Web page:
“You can imagine a couple of employers chatting and one says, ‘We got £25,000 for taking a group of kids this year’, so the other firm puts their name forward but then is told there’s no money this year,” he says. “That doesn’t seem a very positive start to get new employers on board.”  The government’s T-level action plan doesn’t clearly set out what will happen next with the ESF, simply stating that it will “now evaluate its impact to help inform our ongoing support offer”.  However, Gilmartin says he does not believe the ESF will return and this is causing disquiet among some schools that have worked with employers who have used the funding. “I know a lot of school members I work with fear the worst.”

Universities unaware

Another concern that exists for some around T levels is the fact that they require a much bigger time commitment than Btecs, as Haydon at Millfield notes: “As three A-level equivalents, they are not as flexible as the Btec programme where you can mix and match, for example, Btec sport with an A level in business.”  The fact that T levels are equivalent to three A levels has been touted as one of their benefits, though – not least because they can lead to university study.  However, Ofsted’s report found that some students have been left “surprised and disappointed that T-level qualifications are not always accepted as a valid entry qualification” by universities.

For example, one student said their college told them that doing T levels would not impact university access, but this was not the case: “I only got one [university] offer, with the reasons for rejection being that I went with the T level and not traditional A levels.” Jan Bolan, headteacher of the London Academy of Excellence Tottenham sixth form, says such situations must be “incredibly frustrating” and is why he would be wary of offering T levels.  “In our context, parents and pupils are looking for routes to an elite university and so I think you would need a real change in perception of T levels [to increase uptake],” he says.

The government defended Ofsted’s criticisms at the time,with Baroness Barran saying it was “confident in the quality of T levels and the employability that they offer students” and that courses “reflect[s] what employers, working with the department and colleges, told us that they needed”.  She also said 136 higher education providers accept T levels, “including the vast majority of Russell Group universities”. Meanwhile, in March 2024, the government published a list of 157 universities known to offer at least one course that will consider T levels for entry.  Furthermore, the Ofsted report did acknowledge that “many students who completed T-level courses have moved on to university to study a degree” – but given the above concerns, this an area that needs greater clarification and reassurance to entice more schools to take up T levels.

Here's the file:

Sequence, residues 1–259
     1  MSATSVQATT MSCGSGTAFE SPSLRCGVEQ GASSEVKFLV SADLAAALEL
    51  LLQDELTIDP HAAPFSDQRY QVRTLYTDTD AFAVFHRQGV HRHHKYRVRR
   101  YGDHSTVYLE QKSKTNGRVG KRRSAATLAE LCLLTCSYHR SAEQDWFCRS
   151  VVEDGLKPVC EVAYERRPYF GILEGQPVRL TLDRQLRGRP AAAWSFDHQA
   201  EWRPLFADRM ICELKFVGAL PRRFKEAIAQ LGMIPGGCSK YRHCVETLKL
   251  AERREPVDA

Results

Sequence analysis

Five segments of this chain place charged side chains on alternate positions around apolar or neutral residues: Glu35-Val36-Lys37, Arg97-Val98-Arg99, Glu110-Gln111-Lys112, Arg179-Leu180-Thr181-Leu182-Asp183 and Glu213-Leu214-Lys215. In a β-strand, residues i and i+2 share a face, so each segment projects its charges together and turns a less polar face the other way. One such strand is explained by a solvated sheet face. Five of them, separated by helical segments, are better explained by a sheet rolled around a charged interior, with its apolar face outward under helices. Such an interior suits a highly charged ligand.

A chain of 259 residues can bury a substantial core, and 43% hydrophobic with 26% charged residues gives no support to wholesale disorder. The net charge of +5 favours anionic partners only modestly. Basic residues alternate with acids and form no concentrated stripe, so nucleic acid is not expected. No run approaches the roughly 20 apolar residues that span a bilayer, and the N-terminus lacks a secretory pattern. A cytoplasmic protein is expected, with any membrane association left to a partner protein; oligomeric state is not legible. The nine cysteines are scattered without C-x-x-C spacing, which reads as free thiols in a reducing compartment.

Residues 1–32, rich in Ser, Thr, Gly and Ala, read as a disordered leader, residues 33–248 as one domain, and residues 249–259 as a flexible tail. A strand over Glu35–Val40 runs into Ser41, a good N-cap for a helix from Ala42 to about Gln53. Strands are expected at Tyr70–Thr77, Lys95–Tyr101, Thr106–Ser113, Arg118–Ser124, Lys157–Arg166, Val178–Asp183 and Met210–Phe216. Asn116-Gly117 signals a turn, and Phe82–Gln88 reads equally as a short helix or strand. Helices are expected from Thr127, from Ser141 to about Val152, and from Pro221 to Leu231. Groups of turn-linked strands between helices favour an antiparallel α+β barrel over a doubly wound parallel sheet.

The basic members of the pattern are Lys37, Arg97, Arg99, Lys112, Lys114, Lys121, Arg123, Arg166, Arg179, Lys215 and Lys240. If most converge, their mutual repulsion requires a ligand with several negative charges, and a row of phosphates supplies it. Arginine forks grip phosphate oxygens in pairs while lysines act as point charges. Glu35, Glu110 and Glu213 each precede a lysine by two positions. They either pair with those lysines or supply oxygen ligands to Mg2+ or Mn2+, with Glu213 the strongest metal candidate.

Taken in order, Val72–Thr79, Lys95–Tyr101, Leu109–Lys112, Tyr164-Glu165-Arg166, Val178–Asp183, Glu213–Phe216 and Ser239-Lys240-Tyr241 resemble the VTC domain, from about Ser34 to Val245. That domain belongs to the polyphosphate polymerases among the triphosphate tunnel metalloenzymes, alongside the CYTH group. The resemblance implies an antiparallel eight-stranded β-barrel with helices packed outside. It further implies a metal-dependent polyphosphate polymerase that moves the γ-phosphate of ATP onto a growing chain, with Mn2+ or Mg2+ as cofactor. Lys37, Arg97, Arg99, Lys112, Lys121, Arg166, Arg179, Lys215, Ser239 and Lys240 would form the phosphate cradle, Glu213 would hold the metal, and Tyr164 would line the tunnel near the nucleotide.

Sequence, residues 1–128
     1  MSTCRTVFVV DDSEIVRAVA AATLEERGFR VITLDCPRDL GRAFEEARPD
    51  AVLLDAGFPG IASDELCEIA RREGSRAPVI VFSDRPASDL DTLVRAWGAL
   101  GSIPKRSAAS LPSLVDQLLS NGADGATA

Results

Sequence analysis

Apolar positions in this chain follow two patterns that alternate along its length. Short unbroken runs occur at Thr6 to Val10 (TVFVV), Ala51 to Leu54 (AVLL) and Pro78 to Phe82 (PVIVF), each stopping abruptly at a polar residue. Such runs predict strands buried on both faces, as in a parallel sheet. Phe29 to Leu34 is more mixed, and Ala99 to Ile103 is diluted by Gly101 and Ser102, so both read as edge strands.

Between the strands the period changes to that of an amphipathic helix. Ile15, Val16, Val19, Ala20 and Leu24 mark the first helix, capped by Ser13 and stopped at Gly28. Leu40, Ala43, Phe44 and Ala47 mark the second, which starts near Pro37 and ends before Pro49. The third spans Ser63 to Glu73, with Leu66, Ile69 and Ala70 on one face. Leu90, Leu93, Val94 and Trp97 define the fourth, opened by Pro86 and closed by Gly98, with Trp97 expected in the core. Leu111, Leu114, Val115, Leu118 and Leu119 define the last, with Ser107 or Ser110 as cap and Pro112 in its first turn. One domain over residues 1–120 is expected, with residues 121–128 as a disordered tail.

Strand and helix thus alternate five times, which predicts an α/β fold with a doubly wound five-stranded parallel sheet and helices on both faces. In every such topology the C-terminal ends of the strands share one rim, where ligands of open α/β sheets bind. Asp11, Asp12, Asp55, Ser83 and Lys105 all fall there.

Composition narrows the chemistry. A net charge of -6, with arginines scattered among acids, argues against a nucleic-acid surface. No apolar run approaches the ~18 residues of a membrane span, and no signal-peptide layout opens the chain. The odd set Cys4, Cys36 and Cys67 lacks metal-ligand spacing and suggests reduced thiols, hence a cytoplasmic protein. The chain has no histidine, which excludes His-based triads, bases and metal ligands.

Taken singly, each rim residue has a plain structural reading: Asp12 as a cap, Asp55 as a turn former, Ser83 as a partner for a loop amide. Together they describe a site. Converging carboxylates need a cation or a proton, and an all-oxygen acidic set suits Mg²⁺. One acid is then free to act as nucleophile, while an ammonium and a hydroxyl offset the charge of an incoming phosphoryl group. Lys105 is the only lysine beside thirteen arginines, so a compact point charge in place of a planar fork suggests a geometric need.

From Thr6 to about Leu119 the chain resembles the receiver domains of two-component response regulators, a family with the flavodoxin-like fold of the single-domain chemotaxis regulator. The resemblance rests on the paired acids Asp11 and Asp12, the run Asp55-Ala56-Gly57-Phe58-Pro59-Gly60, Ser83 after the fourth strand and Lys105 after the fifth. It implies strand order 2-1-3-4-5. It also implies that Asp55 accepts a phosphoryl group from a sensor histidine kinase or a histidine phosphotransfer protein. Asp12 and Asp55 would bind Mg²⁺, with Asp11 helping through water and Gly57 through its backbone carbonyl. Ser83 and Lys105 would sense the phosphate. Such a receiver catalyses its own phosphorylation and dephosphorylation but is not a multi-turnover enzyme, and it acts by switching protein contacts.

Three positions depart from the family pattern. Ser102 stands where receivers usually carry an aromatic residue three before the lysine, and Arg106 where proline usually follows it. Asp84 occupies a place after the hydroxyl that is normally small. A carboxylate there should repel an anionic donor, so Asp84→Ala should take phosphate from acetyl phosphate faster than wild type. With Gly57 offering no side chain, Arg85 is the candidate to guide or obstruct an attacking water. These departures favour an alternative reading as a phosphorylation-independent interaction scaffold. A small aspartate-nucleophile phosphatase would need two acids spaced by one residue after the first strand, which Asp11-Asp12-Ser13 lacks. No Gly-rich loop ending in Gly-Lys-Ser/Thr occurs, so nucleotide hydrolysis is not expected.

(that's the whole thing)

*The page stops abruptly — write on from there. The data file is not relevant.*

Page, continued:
For other students, though, a key aspect of T levels is their promise of routes into apprenticeship and employment opportunities, something Ofsted noted was working well for construction and digital T-level students, who often moved on to apprenticeships with their placement employer. A DfE spokesperson said this was proof that T levels were having a positive impact: “T levels are the future of technical education – 90.5 per cent of students passed this year and are progressing to courses at top universities, or jobs or apprenticeships with leading employers.”

The future

Talking about the future brings us to a final topic – what any new government will do with T levels.  If the Conservatives retain power, it would seem logical that T levels will remain as part of the grand Advanced British Standard plan unveiled last year by Rishi Sunak that he said would “put academic and technical education on an equal footing” and had T levels at their heart.  Hall reiterated this in the T-level action plan, published yesterday: “Looking further ahead, the development of the Advanced British Standard will build on our T-level offer, ensuring that future generations have access to high-quality technical and academic education of equal standing,” he said.

Labour, meanwhile, appears to back the continuation of the qualification – with Bridget Phillipson, the shadow education secretary, writing in a letter last year that it “has supported the introduction of T levels” and would “continue to promote high-quality vocational pathways” if in power.  For Gilmartin, this backing from both parties is welcome: “T levels are a good product and a welcome addition to the post-16 landscape, so they should be allowed to grow by word of mouth and by evidence of being successful.”

It seems, then, that whatever happens politically, T levels are here to stay. Whoever is in power next, though, clearly has work to do to encourage more schools to join the 153 others moving to offer the qualification.

Dan Worth is senior editor at Tes

Additional reporting by Keith Cooper